Pablo Picasso did not speak often about abstraction, but when he did, it was either to dismiss it as complacent decoration or to declare its very notion an oxymoron. The root of this hostility is to be found in the impasse that the artist reached in the summer 1910, when abstraction suddenly appeared as the logical development of his previous work, a possibility at which he recoiled in horror. But though he swore to never go again near abstraction, he could not prevent himself from testing his resolve from time to time.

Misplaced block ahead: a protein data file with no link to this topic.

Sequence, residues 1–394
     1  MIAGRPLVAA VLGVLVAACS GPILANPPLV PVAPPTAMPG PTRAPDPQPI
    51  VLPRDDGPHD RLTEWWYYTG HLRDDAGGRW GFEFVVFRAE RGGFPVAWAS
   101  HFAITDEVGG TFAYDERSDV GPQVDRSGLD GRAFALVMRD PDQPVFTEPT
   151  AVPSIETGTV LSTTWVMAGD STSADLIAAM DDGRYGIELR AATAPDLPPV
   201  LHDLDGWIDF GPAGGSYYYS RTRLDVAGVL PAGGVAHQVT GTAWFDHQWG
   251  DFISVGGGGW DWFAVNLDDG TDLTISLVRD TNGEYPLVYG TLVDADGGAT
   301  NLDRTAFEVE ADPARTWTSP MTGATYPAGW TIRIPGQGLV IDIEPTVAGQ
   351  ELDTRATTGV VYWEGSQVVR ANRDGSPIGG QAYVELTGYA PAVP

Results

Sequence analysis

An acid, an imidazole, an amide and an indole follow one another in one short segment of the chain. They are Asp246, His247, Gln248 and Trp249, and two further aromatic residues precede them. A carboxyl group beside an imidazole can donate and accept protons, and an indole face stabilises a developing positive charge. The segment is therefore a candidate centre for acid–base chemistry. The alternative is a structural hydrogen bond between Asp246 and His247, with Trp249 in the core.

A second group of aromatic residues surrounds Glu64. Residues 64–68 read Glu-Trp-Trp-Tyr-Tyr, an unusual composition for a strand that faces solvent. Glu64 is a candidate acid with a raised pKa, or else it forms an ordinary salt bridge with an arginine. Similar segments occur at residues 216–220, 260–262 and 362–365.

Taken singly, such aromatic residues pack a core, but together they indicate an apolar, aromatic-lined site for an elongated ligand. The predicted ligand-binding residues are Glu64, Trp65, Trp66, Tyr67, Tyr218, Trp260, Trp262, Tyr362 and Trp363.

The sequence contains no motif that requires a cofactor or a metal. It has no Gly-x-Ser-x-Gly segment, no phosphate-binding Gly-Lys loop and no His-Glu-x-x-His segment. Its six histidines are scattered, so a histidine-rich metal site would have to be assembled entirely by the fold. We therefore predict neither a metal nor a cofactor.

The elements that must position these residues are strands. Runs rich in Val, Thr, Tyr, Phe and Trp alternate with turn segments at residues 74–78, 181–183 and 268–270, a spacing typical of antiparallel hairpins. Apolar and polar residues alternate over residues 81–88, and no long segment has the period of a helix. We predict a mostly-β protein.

In this lecture, Yve-Alain Bois, Professor in the School of Historical Studies, examines several encounters, or rather false encounters, of Picasso with abstraction. Bois also discusses the way in which pioneers of abstract art (Mondrian in particular) thought of their own art as the continuation of Picasso’s.